Bury Bombers mark significant milestone as club turns twenty

HAVE-A-GO CELEBRATIONS: Jill Anderson and Mayor of St Edmundsbury Terry Clements cut the cake
HAVE-A-GO CELEBRATIONS: Jill Anderson and Mayor of St Edmundsbury Terry Clements cut the cake
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The Bury Bombers have just celebrated their 20th anniversary and have reflected on the club’s impact on disability sports in the area during this time.

It began as a junior club to give a physical outlet to an active youngster in a wheelchair, when founding member Jill Anderson realised there were no suitable clubs in Bury St Edmunds for children in wheelchairs like her son Hugh.

INCLUSIVE SPORT: Bury Bombers welcome everyone - both able-bodied and wheelchair users

INCLUSIVE SPORT: Bury Bombers welcome everyone - both able-bodied and wheelchair users

So the wheelchair club was born — as a junior club — in 1997 and was the only one in the Eastern region at the time.

Although the club has gone through peaks and troughs across its lifespan, it has always survived,Anderson said.

“It makes me very proud to have started a club at the forefront of the sport,” she said.

“The sport has grown enormously in the past 20 years across the country. When we started up there was very little sport clubs available for people in wheelchairs.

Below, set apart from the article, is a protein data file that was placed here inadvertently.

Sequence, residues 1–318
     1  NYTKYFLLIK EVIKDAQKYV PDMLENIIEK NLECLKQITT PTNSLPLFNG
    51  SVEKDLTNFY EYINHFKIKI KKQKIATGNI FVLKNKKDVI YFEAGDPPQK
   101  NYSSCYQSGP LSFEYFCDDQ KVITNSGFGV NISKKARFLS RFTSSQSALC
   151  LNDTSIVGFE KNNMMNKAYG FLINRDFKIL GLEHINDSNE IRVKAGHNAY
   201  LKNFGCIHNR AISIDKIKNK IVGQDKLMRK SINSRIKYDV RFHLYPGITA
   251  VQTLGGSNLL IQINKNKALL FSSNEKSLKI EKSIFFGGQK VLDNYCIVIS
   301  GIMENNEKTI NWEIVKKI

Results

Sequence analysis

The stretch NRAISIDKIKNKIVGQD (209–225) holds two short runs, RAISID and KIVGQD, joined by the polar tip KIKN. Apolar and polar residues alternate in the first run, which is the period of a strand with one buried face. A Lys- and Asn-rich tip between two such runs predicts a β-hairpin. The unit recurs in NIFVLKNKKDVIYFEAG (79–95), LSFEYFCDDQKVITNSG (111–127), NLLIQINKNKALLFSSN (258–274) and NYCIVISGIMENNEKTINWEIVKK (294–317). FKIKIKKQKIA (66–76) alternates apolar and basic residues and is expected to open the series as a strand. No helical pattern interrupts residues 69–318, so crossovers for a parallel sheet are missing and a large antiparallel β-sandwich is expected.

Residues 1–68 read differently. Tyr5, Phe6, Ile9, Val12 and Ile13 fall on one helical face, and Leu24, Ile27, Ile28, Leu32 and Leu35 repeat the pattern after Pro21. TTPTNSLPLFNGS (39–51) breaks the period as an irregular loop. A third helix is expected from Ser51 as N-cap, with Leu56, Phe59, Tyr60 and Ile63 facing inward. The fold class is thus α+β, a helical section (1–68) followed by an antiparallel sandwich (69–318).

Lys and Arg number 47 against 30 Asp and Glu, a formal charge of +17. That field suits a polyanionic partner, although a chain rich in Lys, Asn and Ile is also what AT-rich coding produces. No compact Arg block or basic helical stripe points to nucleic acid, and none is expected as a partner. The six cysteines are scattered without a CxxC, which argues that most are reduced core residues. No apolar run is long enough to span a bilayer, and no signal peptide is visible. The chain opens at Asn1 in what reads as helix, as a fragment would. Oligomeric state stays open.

“It’s fantastic to see the number of sport opportunities evolve, and we have lots of interest.

“More recently, we have had young men and women who have been injured in the army come along.

“Some people come along for the fun, but others are highly competitive and have gone on to compete at international level.”

The club has grown significantly in the past two decades, expanding into the senior game and even producing players of an international standard.

The first team, which has recently seen Hugh return to its fold, currently play in the National League Third Division South East — but have been as high as the second tier nationally, the First Division.

To celebrate the club’s birthday, a Have-a-Go session was held during the Bury St Edmunds Festival of Sport on October 26 at their base at Culford Sports Centre.

“You must have an impairment to play in the league but not to play the game, and we have plenty of members who take part but don’t need a wheelchair,” Anderson said.

“It makes it so attractive to families as everyone can play.

“It can level the playing field with siblings but also give the child in a wheelchair a chance to shine — we always emphasise that it’s ‘their’ sport which everyone else is joining in on.

“All I can hope is that the Bury Bombers can go for another 20 years.”